HOW TO TAKE BETTER PHOTO'S - EVEN ON YOUR PHONE
Kia ora and welcome back 🙏
First off, If you're a subscriber and have been keeping up to date with all of my blogs you'll notice that I've been posting fortnightly instead of weekly. See when I first started blogging my goal was one a week, however, I didn't foresee how much work was involved so I think I'ma stick to this fortnightly thing in the hopes that I can remain consistent. Furthermore, I know the longer period in between each will allow me to create more meaningful and helpful posts that both entertain and inform you, the reader - so here's to even better blogs in the future.
In saying that, this weeks blog is for anyone looking to up their photography game, even if you're shooting on your phone. I've made sure to include tips that can be applied no matter what kind of camera you're shooting with - if it can take stills then this is the guide for you.
Lets get started.
SHOOT WHAT YOU CANT HELP BUT SHOOT
I watched a short film/interview with renowned portrait photographer, Gregory Heisler, who quoted an awesome piece of advice he'd received and that was to "shoot what you can't help but shoot." He continued, saying that "if you shoot what you can't help but shoot they'll be your best pictures, and because they'll be your best pictures, they'll be the pictures people respond too." For such a simple message it rings so true to myself as I'm sure it will for you. Focusing on what you love will make it far more enjoyable and this will definitely resonate in your photographs. What do you love to shoot? Well get out there and shoot it!
USE A SHALLOW DEPTH OF FIELD TO MAKE YOUR SUBJECT POP
Until recently this tip would have been reserved to people shooting with a conventional camera, though, with smart phones like the Huawei P10 and the latest iPhones it's now possible to use a shallow depth of field to isolate your subjects and get that beautiful de-focused shot in camera. To make use of this feature on the latest iPhone open the camera app and choose the "Portrait" mode and you're good to go. Unlike the iPhone, the P10 and other Android phones have the option to select your focus before AND after taking the pic which is an amazing feature.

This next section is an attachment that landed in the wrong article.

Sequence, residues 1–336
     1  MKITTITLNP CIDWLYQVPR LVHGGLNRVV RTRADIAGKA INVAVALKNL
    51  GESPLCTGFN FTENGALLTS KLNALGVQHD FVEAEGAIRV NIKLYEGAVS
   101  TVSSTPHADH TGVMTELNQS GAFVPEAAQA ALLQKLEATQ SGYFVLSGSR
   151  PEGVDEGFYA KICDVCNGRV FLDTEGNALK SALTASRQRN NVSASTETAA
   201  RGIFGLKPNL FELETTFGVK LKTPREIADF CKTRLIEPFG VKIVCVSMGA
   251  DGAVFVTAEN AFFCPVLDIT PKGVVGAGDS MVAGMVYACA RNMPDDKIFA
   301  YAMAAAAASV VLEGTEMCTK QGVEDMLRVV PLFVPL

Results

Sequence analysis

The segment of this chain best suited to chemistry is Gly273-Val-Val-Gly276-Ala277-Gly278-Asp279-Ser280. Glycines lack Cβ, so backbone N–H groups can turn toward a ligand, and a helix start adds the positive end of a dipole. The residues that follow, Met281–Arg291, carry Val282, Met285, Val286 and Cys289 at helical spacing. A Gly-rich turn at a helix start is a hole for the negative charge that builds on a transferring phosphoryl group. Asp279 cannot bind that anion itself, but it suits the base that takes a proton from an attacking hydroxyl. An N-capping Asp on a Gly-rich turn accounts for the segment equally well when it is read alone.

FAMILIARISE YOURSELF WITH "THE RULE OF THIRDS" WHEN COMPOSING YOUR SHOT
Because photography is so subjective I want to start by saying that the rule of thirds is more of a technique rather than a rule - as rules are meant to be broken, especially in art. In saying that though, it is one of the most useful composition techniques in photography and something I think about every time I line up a shot. Most smart phones have the ability to switch grid lines on and have them displayed every time you use your camera. For iPhone users click your "Settings" icon then scroll down to "Photos & Camera," once there scroll down to "Grid" and toggle it on. For Android users you can find it in much the same way, though, don't quote me on that. Once that's done and you're framing your shot, you then place the subject on one of the four intersecting points OR place the horizon on the top or bottom line as in the image below. Too easy.
MAKE USE OF THE GOLDEN HOUR
The golden hour (sometimes referred to as the magic hour) is generally considered as the first and last hour of sunlight in the day and it's my favourite time to shoot - check my Instagram feed and you'll see that the majority of my work is shot during this time. The light is soft and warm, and adds a certain magic to images that can't be replicated in the editing phase. Portraits are far more flattering as the combination of soft and warm rays subtlety illuminate the skin. Think of yourself when you're nice and tanned, and that's what you're getting when you shoot at this hour.
CHANGE YOUR PERSPECTIVE
I like this one as I've become really addicted to shooting with my drone and using it to capture that birds-eye-view. Now I know this guide is more about shooting with your phone, but, you can achieve the same perspective without a fancy flying camera too. You can go from your tippy toes to a chair and even a building though please use your common sense before attempting the latter - I mean I'd definitely go to extreme measures to get the shot, but, it's not worth a hospital visit. It doesn't matter what your subject is there's always an opportunity to capture the scene from above and even at a low angle so keep be mindful of that next time you're out shooting.
EMBRACE NEGATIVE SPACE
Last but not least is embracing some negative space. To put it simply, think of your subject as the positive space and EVERYTHING else as negative. I know that sounds pretty abstract so the way I interpret it is to frame your subject in a way that emphasises and draws attention to it. When you frame your photographs with a lot of empty space "it provides 'breathing room,' giving your eyes somewhere to rest and preventing your image from appearing too cluttered with 'stuff.' All of this adds up to a more engaging composition." [click here for source] See below to see what empty space looks like.
Well that's it for this fortnight, but, you can follow me here for daily shots from my portfolio. If you enjoyed this post or took anything away from it then please like, comment and share with your friends and whānau!
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Ma te wa.